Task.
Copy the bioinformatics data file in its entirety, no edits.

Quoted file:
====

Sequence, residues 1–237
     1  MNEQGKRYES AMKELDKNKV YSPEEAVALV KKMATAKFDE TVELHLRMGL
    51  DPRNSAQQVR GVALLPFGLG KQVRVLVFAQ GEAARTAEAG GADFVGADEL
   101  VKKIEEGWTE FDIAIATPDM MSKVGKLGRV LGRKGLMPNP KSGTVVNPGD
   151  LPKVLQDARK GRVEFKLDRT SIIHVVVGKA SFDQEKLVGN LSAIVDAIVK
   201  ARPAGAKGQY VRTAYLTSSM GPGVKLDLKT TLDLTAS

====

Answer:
Sequence, residues 1–237
     1  MNEQGKRYES AMKELDKNKV YSPEEAVALV KKMATAKFDE TVELHLRMGL
    51  DPRNSAQQVR GVALLPFGLG KQVRVLVFAQ GEAARTAEAG GADFVGADEL
   101  VKKIEEGWTE FDIAIATPDM MSKVGKLGRV LGRKGLMPNP KSGTVVNPGD
   151  LPKVLQDARK GRVEFKLDRT SIIHVVVGKA SFDQEKLVGN LSAIVDAIVK
   201  ARPAGAKGQY VRTAYLTSSM GPGVKLDLKT TLDLTAS